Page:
The Divine Sister
Charles Busch's latest play is campy good fun, filled with wonderfully outsized performances.
The piece, which is definitely in the "Theatre of the Ridiculous" tradition, pays homage to a host of films (many involving nuns), ranging from Agnes of God to His Girl Friday. The action, set in 1968, unfolds at a Pittsburgh-based convent school called St. Veronica's, run by a politically conservative Mother Superior (played by Busch). Young postulant Agnes (Amy Rutberg) claims to see visions and possess healing powers, while the mistress of novices, Sister Acacius (Julie Halston), has her doubts -- and also holds the key to one of the primary mysteries surrounding the girl.
Meanwhile, new arrival Sister Walburga (Alison Fraser) possesses her own secrets -- one of which is that she is involved in a conspiracy that tips its hat to The Da Vinci Code. Added to the mix are wealthy widow Mrs. Levinson (Jennifer Van Dyck) and film scout (and former newspaper reporter) Jeremy (Jonathan Walker), whose ties to the convent's residents -- and particularly its Mother Superior -- are revealed as the play progresses.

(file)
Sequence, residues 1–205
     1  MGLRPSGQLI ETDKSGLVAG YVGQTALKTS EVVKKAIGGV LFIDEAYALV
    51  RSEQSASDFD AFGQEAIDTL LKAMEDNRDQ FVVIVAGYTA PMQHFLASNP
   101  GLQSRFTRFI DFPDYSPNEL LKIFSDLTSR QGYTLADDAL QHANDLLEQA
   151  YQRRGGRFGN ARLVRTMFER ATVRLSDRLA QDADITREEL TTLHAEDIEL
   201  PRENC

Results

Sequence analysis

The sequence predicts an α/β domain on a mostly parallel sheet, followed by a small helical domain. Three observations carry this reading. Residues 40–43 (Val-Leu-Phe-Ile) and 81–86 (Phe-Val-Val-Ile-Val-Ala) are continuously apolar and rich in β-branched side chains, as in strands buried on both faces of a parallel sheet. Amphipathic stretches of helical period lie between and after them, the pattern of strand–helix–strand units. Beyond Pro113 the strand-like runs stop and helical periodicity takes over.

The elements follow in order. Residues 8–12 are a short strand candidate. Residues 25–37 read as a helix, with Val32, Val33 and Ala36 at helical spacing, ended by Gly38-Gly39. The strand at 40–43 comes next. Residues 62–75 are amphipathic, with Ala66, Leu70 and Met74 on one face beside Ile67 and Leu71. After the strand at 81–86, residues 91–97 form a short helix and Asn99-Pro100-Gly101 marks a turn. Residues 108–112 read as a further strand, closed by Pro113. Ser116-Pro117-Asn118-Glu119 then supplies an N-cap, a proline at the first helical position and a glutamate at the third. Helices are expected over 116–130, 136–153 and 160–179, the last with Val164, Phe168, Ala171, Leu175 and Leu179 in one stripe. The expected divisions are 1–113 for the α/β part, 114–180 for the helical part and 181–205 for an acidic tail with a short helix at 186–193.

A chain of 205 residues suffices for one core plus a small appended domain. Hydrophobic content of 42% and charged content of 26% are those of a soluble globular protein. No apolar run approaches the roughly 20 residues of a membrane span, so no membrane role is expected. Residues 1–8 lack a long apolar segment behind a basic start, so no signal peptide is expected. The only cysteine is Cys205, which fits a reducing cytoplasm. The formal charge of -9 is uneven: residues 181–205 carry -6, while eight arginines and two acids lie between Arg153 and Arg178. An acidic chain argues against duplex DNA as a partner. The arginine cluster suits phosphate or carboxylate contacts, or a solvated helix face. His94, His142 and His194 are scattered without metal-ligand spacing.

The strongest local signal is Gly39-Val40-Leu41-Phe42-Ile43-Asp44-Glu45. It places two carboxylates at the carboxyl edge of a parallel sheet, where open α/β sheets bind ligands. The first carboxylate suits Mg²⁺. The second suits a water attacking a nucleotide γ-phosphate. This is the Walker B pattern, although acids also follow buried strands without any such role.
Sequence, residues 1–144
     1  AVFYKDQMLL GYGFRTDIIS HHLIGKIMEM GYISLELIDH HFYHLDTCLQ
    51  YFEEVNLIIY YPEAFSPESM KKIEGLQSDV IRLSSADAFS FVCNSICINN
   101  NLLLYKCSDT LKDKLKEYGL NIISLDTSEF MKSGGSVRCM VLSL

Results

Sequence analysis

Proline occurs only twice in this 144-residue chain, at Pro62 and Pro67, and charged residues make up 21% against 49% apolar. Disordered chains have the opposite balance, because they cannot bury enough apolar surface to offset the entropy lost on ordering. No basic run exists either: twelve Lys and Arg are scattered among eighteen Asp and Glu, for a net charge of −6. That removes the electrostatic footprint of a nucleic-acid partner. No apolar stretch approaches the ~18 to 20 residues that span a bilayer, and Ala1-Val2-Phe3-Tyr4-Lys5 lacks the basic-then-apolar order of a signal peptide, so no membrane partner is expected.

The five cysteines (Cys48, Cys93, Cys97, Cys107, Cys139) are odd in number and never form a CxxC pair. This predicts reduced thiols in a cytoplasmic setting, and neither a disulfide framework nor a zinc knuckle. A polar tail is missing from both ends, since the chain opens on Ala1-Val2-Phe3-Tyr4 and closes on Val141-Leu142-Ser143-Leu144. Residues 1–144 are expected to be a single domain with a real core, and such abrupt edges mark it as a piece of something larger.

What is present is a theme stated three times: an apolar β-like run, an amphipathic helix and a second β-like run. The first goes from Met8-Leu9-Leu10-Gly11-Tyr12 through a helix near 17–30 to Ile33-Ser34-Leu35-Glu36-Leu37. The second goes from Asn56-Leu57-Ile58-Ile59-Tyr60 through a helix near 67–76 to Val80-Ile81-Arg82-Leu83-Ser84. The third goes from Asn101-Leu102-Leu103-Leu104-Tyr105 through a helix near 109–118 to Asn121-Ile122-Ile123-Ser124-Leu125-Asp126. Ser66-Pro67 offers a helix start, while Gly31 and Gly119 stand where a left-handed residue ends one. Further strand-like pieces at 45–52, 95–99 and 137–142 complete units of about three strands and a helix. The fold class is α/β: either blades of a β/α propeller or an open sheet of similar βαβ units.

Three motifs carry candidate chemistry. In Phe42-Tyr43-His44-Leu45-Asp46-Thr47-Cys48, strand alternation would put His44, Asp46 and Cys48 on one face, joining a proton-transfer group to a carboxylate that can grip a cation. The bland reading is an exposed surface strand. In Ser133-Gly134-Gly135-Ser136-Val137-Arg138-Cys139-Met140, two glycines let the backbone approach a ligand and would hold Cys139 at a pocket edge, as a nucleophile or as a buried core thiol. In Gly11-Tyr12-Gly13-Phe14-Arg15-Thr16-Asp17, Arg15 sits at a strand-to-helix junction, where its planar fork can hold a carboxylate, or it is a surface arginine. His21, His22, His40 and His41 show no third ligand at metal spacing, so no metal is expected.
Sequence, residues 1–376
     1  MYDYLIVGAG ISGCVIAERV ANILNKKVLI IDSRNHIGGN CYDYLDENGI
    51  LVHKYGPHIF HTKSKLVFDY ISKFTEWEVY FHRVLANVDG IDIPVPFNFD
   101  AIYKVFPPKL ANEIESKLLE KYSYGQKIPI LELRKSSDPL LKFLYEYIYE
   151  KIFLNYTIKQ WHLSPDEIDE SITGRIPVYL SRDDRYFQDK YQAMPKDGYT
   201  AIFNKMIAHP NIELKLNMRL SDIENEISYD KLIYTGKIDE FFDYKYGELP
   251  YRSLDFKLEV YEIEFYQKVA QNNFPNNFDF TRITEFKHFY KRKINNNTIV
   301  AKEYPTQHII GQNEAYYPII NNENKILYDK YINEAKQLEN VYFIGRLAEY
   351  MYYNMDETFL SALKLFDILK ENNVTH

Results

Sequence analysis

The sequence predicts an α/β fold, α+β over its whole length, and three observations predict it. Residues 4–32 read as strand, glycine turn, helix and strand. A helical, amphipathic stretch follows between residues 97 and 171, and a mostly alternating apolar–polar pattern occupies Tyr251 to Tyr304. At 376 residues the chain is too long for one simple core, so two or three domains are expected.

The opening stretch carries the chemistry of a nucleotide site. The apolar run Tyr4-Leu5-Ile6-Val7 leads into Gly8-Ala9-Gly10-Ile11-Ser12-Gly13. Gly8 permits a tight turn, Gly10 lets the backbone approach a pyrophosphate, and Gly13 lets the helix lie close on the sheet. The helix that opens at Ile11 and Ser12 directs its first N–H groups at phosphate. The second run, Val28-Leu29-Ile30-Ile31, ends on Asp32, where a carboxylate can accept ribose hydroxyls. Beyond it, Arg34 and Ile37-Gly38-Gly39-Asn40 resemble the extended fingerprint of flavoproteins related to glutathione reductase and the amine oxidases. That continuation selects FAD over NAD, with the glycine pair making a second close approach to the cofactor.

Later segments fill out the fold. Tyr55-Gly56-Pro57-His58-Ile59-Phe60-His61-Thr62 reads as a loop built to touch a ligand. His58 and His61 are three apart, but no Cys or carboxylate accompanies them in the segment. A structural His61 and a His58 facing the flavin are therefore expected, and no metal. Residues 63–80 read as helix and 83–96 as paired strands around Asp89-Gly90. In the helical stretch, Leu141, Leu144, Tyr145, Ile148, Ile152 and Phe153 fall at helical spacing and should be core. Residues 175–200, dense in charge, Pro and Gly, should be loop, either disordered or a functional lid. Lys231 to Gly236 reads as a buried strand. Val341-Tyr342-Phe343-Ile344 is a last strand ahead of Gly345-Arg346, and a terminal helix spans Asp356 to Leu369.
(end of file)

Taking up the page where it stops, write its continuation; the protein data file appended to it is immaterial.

While the plots and subplots are numerous, they're secondary to the outsized performances that make the show the comic gem that it is. Busch knows precisely how to modulate his voice for maximum comic effect, and his timing is impeccable. Halston is a stitch in every one of her appearances -- particularly Sister Acacius' mishearing of Mother Superior's question, "What is it you can't face?" (The scene itself is a sly reference to a segment in The Sound of Music).
Fraser is deliciously twisted as Sister Walburga, and also puts in a memorable appearance as an elderly charwoman. Rutberg gives new meaning to the phrase "wide-eyed innocent"; if she made her eyes grow any larger, they'd be sure to pop out of their sockets. Walker's got the rhythms of his smooth-talking former newspaperman down, while Van Dyck is not only on target as the prim Mrs. Levinson, but also does a hilarious turn as schoolboy Timothy.
B.T. Whitehill's scenic design -- with its bricks made of sponges and humorous faux-stained glass windows -- perfectly matches the style of the play. Costume designer Fabio Toblini also does fine work -- particularly in a flashback scene featuring Busch's character prior to her entry into the convent.